A few hundred million years after the Big Bang, the universe was a soup of ionized H (Hydrogen), He (Helium) and D (Deuterium) with trace amounts of Li (Lithium), B (Boron), Be (Beryllium) and H2 (molecular Hydrogen). With little amount of metal and H2, the conditions were far from ideal for star formation.

For star formation to begin, a sufficient amount of cold dense gas has to accumulate. But in the early universe, the primordial gas could not efficiently cool radiatively because atoms had excitation energies that were too high, and molecules, which had accessible rotational energies, were very rare and only trace amounts of molecular hydrogen (H2) were formed.

Under proper conditions, the formation of molecular hydrogen  allows the gas to cool. The cooling of the gas lead to thermal instability and a local density enhancement, which resulted in the fragmentation of the gas cloud. In the primordial gas clouds, the thermal instability took place at higher temperatures compared to leading to the formation of massive stars with mass of about 100 solar masses.


Primordial gas clouds undergo runaway collapse and forms a protostar when sufficient mass is accumulated at the centre. Then, the protostar starts to grow by accreting the surrounding gas to become a massive star. The ultimate mass of the star is determined by the mass of the cloud out of which it forms and by a number of feedback processes that occur during the evolution of the protostar.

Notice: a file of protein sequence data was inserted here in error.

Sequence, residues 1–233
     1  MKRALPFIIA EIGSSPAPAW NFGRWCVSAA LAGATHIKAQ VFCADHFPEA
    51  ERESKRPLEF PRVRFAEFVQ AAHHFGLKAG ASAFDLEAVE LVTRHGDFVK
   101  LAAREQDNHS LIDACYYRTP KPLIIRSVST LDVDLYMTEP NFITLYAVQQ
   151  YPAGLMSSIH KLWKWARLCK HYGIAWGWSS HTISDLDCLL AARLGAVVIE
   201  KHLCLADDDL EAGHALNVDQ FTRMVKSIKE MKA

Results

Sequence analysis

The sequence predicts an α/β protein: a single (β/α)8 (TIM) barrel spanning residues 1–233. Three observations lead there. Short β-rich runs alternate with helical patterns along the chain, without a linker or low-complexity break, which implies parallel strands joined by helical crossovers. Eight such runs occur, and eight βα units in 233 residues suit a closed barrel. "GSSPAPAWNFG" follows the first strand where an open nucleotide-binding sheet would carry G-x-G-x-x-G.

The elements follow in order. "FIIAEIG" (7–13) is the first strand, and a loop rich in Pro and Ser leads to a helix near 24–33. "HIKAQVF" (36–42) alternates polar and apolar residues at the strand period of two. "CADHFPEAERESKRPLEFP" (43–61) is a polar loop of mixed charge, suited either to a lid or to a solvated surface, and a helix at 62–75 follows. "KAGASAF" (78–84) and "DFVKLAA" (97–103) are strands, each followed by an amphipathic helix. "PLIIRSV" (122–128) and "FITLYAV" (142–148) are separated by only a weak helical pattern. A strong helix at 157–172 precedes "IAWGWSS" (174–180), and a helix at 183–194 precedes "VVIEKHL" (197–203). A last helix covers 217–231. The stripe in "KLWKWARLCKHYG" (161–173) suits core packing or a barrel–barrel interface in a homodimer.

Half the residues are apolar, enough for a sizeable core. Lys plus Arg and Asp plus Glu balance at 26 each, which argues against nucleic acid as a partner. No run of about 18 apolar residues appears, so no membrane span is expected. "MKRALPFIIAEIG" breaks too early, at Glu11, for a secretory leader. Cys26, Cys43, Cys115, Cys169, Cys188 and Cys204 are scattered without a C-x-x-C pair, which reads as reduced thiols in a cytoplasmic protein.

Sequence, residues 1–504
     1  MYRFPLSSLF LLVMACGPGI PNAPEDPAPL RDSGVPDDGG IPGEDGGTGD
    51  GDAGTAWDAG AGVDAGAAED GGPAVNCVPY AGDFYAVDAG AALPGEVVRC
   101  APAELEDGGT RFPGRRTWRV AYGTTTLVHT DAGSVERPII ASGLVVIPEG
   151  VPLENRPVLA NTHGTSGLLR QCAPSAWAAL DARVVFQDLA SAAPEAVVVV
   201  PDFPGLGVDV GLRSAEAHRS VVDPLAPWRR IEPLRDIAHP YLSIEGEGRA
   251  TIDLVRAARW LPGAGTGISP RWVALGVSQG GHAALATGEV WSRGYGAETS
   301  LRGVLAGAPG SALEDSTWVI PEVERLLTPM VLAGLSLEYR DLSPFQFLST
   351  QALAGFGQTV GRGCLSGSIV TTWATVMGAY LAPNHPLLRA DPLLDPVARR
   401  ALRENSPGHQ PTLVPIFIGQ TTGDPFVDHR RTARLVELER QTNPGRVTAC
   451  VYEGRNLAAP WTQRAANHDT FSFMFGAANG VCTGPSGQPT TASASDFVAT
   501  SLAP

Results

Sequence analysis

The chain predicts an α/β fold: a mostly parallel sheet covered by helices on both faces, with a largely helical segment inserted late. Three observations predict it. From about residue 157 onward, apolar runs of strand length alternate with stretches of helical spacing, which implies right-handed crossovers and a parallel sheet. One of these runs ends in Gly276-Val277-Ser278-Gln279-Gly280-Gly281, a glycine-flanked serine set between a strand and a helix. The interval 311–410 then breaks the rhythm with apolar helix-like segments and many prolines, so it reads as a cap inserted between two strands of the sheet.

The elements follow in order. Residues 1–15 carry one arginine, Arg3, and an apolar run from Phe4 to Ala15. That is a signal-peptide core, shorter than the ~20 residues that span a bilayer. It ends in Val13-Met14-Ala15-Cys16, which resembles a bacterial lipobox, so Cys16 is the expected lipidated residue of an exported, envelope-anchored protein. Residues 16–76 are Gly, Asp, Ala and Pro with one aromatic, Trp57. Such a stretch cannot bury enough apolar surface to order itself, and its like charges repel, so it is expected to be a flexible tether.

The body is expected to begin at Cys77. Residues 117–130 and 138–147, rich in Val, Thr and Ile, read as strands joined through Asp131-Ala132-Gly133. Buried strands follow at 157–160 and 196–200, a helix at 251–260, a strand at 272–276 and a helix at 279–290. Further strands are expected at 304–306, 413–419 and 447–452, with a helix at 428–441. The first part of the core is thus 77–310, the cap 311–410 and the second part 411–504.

The protostellar feedback processes affect the formation of primordial stars quite differently from the contemporary stars. First, primordial gas does not contain dust grains. As a result, radiative forces on the gas are much weaker. Second, the amplitudes of magnetic fields generated in the early Universe are so small that they never become dynamically significant in primordial star-forming gas. Magnetic fields have at least two important effects in contemporary star formation: they reduce the angular momentum of the gas out of which stars form, and they drive powerful outflows that disperse a significant fraction of the parent cloud. Third, primordial stars are much hotter than contemporary stars of the same mass, resulting in significantly greater ionizing luminosities.

The feedback processes affect the formation of individual stars also influence primordial star formation on large scales. The enormous fluxes of ionizing radiation and H2-dissociating Lyman–Werner radiation emitted by massive population III stars dramatically influence their surroundings, heating and ionizing the gas within a few kiloparsecs of the progenitor and destroying the H2 within a somewhat larger region. The effect of radiation from the first stars on their local surroundings has important implications for the numbers and types of population III stars that form. The photoheating of gas in the minihaloes hosting population III stars drives strong outflows, lowering the density of the gas in the minihaloes and delaying subsequent star formation by up to 100 Myr.

Abhinab Paul

(A Minerva M Writer)

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